I didn't read it as you did, but I hope you're right. In any case, it's a very necessary release and I would hope it sells extremely well.

 
 
 Posted:   Aug 10, 2013 - 9:51 PM   
 By:   cody1949   (Member)

ON THE WATERFRONT will make a fantastic CD release. I wish Sony [ Columbia Pictures] would be as willing to work with Kritzerland as they are with Intrada.

 
 Posted:   Aug 11, 2013 - 9:41 AM   
 By:   Ray Faiola   (Member)

Pops and clicks are seldom a problem, as long as they're done individually and not with "processing". Groove wear is the real villain when dealing with acetates.

 
 Posted:   Aug 11, 2013 - 9:53 AM   
 By:   Stefan Huber   (Member)

Pops and clicks are seldom a problem, as long as they're done individually and not with "processing". Groove wear is the real villain when dealing with acetates.

That is the exact problem with "modern" restorations: people don't take the time to remove each click and pop indvidually, but run them through a no-noise filter. The results are shoddy - and risk the existence of our musical heritage...

 
 
 Posted:   Aug 11, 2013 - 10:08 AM   
 By:   haineshisway   (Member)

Pops and clicks are seldom a problem, as long as they're done individually and not with "processing". Groove wear is the real villain when dealing with acetates.

That is the exact problem with "modern" restorations: people don't take the time to remove each click and pop indvidually, but run them through a no-noise filter. The results are shoddy - and risk the existence of our musical heritage...


Anyone who would do that should be run out of town on a rail. Restoring from acetate, LP, or even tape is an exacting, exhausting job. What has happened in the last year is new technology that is very helpful with certain types of problems and used properly the results are nothing short of miraculous, as can be heard in the work of Chris Malone. There are many people who do great work, and there are many who don't - not just in the world of soundtracks. It's like the idiots who just turn on "auto tune" for singers. Unbelievable. But that, at least, is a choice for some, a style, if you will (I won't). When we decided to remix Promises, Promises, a recording plagued with off-pitch singing by its leading man, we could have taken the easy way and just turned on auto tune and it would have been a travesty and crap. First of all, we used a much more sophisticated and "real" program, and most importantly I did it on a note by note basis and very carefully and the result is if you hadn't heard the original you'd never know that anyone was singing off pitch - it sounds natural and real and perfect.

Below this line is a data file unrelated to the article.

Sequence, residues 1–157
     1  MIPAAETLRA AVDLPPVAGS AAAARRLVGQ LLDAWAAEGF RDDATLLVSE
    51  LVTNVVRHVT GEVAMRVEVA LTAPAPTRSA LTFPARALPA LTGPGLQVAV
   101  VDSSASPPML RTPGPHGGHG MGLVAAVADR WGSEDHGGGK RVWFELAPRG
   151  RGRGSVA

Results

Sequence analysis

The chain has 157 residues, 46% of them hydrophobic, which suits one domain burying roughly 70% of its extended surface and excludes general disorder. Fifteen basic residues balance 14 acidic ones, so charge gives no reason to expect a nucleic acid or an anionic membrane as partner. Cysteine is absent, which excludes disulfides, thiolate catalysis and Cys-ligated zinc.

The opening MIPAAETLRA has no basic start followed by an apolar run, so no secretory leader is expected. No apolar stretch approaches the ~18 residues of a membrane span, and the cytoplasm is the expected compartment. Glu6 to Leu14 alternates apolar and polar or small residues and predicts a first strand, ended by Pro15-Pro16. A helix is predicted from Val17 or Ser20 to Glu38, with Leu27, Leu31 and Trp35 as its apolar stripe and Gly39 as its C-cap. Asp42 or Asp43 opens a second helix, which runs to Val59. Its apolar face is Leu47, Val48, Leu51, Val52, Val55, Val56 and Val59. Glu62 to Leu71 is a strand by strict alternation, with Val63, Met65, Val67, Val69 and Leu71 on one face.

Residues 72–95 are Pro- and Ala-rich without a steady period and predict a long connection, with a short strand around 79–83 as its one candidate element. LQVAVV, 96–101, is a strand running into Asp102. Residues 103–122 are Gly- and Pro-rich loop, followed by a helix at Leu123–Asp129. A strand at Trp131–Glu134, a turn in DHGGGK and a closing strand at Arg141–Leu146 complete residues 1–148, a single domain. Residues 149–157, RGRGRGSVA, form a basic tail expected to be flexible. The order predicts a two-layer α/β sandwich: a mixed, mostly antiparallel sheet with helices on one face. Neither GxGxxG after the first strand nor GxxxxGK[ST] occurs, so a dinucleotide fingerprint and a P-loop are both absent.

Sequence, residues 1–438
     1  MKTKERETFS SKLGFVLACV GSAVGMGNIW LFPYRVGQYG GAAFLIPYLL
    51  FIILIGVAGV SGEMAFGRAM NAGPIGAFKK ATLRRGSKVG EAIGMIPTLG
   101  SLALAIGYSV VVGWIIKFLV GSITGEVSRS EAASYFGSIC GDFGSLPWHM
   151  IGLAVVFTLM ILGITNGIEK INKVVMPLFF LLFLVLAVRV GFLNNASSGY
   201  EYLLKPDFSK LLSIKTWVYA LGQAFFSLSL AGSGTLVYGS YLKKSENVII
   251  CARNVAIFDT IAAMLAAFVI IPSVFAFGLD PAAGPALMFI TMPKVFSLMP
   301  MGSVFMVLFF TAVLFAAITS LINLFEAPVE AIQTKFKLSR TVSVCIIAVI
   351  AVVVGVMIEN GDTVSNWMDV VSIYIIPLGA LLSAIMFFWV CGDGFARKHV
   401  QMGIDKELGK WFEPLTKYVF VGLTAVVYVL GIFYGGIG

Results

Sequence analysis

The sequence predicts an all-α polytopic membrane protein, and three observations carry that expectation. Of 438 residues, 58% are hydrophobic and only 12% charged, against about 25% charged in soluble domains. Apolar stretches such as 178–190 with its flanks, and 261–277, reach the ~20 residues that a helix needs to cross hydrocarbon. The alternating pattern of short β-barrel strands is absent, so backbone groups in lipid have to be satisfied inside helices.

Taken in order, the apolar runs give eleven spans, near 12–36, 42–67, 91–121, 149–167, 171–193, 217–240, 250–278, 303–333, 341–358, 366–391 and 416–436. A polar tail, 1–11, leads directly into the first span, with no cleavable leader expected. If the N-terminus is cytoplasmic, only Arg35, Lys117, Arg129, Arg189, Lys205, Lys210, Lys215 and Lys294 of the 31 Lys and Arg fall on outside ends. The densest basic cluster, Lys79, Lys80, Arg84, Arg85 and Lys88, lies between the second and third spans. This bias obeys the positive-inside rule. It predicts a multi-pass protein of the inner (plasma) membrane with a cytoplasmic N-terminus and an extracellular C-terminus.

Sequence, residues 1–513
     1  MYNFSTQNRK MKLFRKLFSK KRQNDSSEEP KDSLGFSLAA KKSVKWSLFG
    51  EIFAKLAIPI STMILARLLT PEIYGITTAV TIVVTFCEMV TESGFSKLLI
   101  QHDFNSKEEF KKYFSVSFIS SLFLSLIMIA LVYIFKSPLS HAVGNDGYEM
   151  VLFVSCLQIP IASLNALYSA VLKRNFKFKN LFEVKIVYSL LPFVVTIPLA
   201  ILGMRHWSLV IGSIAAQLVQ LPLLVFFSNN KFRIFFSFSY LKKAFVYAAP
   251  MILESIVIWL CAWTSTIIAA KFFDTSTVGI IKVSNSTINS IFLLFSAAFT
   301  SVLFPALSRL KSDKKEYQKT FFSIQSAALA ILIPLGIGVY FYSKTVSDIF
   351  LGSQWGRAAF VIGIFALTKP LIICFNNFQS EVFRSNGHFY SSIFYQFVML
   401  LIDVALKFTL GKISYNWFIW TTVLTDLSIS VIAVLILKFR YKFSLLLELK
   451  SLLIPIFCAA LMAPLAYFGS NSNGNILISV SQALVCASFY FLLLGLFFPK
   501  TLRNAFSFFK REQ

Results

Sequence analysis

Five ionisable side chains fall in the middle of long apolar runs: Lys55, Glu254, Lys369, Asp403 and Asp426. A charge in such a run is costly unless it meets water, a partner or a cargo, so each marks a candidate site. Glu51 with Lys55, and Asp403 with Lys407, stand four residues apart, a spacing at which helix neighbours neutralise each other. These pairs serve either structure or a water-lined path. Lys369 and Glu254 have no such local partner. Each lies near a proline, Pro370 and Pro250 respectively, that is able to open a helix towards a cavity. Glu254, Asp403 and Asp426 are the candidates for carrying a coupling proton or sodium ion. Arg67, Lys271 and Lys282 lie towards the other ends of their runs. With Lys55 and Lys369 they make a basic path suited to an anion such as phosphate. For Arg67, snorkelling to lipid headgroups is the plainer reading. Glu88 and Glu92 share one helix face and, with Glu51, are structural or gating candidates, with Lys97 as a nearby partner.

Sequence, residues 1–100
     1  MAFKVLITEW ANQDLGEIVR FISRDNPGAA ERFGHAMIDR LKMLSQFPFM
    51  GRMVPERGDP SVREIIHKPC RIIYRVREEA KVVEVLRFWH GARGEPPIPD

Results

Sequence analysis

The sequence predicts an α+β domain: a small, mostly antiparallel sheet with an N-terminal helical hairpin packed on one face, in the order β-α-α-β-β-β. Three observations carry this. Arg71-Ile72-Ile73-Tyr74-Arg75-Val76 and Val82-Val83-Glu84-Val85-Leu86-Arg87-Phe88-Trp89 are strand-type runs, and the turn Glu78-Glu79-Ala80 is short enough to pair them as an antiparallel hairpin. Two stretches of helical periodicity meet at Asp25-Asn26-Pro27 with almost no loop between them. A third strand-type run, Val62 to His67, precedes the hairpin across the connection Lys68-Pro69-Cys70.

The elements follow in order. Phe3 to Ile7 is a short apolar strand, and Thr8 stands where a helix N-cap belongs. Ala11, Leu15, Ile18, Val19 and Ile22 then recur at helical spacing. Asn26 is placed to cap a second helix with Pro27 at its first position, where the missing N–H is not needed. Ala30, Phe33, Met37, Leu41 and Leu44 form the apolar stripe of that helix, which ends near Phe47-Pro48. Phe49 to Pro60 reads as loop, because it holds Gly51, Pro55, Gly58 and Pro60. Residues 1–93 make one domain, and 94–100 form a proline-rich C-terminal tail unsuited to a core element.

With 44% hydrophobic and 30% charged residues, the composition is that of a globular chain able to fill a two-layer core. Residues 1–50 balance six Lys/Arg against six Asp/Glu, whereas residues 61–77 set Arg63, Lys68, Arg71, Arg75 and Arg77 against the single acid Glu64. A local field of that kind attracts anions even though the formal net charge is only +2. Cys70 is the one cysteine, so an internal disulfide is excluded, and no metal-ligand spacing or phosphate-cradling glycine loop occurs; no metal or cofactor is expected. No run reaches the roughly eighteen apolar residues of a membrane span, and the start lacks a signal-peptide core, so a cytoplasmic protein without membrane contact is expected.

I am very much looking forward to On the Waterfront whenever it gets to us.

 
 
 Posted:   Aug 11, 2013 - 11:03 AM   
 By:   PFK   (Member)

Back in 1971 I spent a lot of time searching small record stores in New England looking for out-of-print soundtrack LPs. I found "You Can't Run Away From It" Decca DL 8396 issued in 1956.

Side B says: " Highlights from the SOUNDTRACKS of Columbia Pictures."

Side B has: From Here To Eternity, Eddie Duchin Story, On the Waterfront.

Morris Stoloff conducting the Columbia Pictures Orchestra

I think the On The Waterfront music is 5 - 7 mins.

Is the On The Waterfront music the actual soundtrack or re-recorded?

In any event, after 42 years (!), I will now get the complete score! smile

 
 Posted:   Aug 11, 2013 - 11:22 AM   
 By:   Stefan Huber   (Member)

Pops and clicks are seldom a problem, as long as they're done individually and not with "processing". Groove wear is the real villain when dealing with acetates.

That is the exact problem with "modern" restorations: people don't take the time to remove each click and pop indvidually, but run them through a no-noise filter. The results are shoddy - and risk the existence of our musical heritage...


There are many people who do great work, and there are many who don't - not just in the world of soundtracks.


So true. I'm getting a headache thinking of all the disastrous Nat King Cole and Peggy Lee re-issues. It's really a "who does the job?" matter. Steve Hoffman's Bing Crosby compilations sound great to me - better than anything put out more recently - and those disks are nearly thirty years old.

 
 
 Posted:   Aug 11, 2013 - 2:28 PM   
 By:   Last Child   (Member)

On the what? I thought this was the music to "Screaming Mimi."
[just venting my pet peeve about its later reuse wink]
Cant wait to hear the original music in its original uncut form. That'll be interesting!

 
 Posted:   Aug 11, 2013 - 3:52 PM   
 By:   Ray Faiola   (Member)



Side B has: From Here To Eternity, Eddie Duchin Story, On the Waterfront.

Morris Stoloff conducting the Columbia Pictures Orchestra

I think the On The Waterfront music is 5 - 7 mins.

Is the On The Waterfront music the actual soundtrack or re-recorded?


Original soundtracks.

 
 
 Posted:   Aug 11, 2013 - 4:32 PM   
 By:   FredF   (Member)

Did I miss something? You are all talking like the release is imminent but the Intrada article about the source material being available was written in 2007.

 
 
 Posted:   Aug 11, 2013 - 4:35 PM   
 By:   TerraEpon   (Member)

Naxos released that same little bit on CD.
http://www.naxos.com/catalogue/item.asp?item_code=8.120887

Of course given some of the other threads here that should be a 'bootleg', despite it being legal in the countries they sell it in....

 
 Posted:   Aug 11, 2013 - 4:44 PM   
 By:   Wedge   (Member)

Did I miss something? You are all talking like the release is imminent but the Intrada article about the source material being available was written in 2007.

Doug's post on the Intrada forum dates to yesterday. Are you claiming it's a re-post? Because it specifically mentions the 2013 Criterion Blu-Ray.